The California Yacht Club in Marina del Rey will host a visit at 7:30 p.m. Wednesday, Dec. 1 from BMW Oracle spokesman Tom Ehman, who will once again discuss the state of the upcoming 34th America’s Cup for local sailors and fans of one of the most prestigious and influential sailing events in the world. Design coordinator Ian Burns will also be on hand.
The charismatic and quick-witted Ehman has spent, in some capacity, the last 30 years being involved with the America’s Cup (AC). His understanding of the sport of sailboat racing and the AC in particular, is unparalleled. His presentations are typically filled with the latest information, exclusive images/video and plenty of comedic sidelines.
The last couple of times that Ehman spoke to the Los Angeles boating community his task wasn’t easy. The 33rd America’s Cup was, in certain ways, a stain on an event whose prestige is akin to that of the Olympic Games or the World Cup.
Instead of teams from nations match racing against rival nations in perfectly crafted custom-made boats, the 33rd Cup was reduced to the lawyers of two billionaires haggling about language in a century old document called the Deed of Gift. Instead of writing about winning starts and perfect spinnaker sets, sports reporters wrote about the interpretations and intentions of long-dead authors who wrote a document created for a worse case scenario – for competitors who couldn’t get along.
Ehman, with a clear and admitted American bias, walked everyone through the mire that was the 33rd America’s Cup. Although the 33rd Cup, which included a duel between two angry and very wealthy men, ended up producing two of the most incredible racing yachts that have ever existed, it was largely a relief for AC fans all over the world when it was over.
For the BMW Oracle team, owned by Larry Ellison, the 33rd was mission accomplished. They created a monstrous trimaran with a rigid wing larger than any other – including airliners – and promptly took the America’s Cup from the hands of the Swiss team, Alinghi, headed by biotechnology magnet Ernesto Bertarelli.
Now with the world’s oldest active trophy in sporting history securely in hand, the American team looks to make this next America’s Cup a modern spectacle that garners the interest of world media and a younger audience.
Ehman will no doubt discuss the direction of the 34th Cup that some are calling controversial. While the sport has almost always been sailed in monohull boats, the defender announced that the next Cup will be in 72-foot catamarans with rigid wings instead of the traditional soft sail.
“During our six months of planning we spoke to the teams, to commercial partners, media and to the fans,” said Russell Coutts, CEO of BMW ORACLE Racing. “A clear and compelling vision emerged that to capture and communicate the excitement our sport can produce, we need the best sailors racing the fastest boat.”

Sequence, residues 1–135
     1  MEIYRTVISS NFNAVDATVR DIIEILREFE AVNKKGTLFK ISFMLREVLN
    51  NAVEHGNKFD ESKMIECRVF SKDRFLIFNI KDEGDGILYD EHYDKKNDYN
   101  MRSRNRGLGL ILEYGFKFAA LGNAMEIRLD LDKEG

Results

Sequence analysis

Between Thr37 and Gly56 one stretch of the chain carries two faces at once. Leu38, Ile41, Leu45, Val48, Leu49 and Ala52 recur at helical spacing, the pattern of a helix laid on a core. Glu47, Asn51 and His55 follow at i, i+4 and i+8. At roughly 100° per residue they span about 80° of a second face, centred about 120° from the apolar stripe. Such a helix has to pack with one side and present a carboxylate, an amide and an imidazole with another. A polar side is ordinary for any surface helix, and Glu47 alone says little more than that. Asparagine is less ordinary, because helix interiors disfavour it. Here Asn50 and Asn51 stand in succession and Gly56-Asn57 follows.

The next Cup is scheduled for sometime in 2013 and the location is still undecided, although the smart money is on a city not too far up the 5 freeway – San Francisco – Ellison’s hometown.
Although Ehman will encounter so called “purists” who believe the boats in this modern Cup will be unrecognizable and the event isn’t as relatable with enormous catamarans sporting sails that aren’t even sails, his burden to promote and explain this regatta should be far more pleasurable.
Instead of articulating legal scenarios, he’ll be discussing box rules, boats that will reach speeds of 35 knots, and whether or not match racing in multihulls will be sufficiently exciting for fans.
And it’s with this point that BMW Oracle is especially concerned. To this end, they are fitting all the boats with a wide array of specialized marine cameras that will provide the action from every angle. There will also be an onboard camera-person on each boat.
The America’s Cup organization is committed to making the next event something exciting that the mainstream media will not only be interested in reporting on but will have an easier time of covering than in past cups.
Whatever happens in 2013, one thing is certain: The next event will be unlike anything that’s come before in America’s Cup history. Pete Melvin, from Morrelli & Melvin Design & Engineering in Huntington Beach who composed the AC72 Class Rule, summed it up:
“There will be nothing else like them, which perfectly matches the allure and appeal of the America’s Cup,” Melvin said.